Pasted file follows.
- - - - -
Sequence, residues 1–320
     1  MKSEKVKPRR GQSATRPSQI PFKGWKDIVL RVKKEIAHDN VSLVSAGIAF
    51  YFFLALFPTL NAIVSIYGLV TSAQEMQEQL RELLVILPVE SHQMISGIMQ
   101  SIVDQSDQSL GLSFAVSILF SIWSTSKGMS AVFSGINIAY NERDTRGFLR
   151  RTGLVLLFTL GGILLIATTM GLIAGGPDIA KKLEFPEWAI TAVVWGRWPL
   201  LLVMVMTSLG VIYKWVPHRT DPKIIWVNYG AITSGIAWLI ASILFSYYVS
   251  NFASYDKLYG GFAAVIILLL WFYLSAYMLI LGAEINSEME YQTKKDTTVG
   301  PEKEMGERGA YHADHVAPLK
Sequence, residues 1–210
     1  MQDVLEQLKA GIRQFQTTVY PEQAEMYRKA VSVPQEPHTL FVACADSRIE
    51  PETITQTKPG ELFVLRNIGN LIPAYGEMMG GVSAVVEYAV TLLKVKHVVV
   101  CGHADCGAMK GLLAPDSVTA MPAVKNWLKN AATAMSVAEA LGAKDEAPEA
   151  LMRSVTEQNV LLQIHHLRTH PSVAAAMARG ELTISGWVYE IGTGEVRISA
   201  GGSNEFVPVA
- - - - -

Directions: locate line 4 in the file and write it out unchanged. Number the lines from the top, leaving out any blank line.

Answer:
   101  SIVDQSDQSL GLSFAVSILF SIWSTSKGMS AVFSGINIAY NERDTRGFLR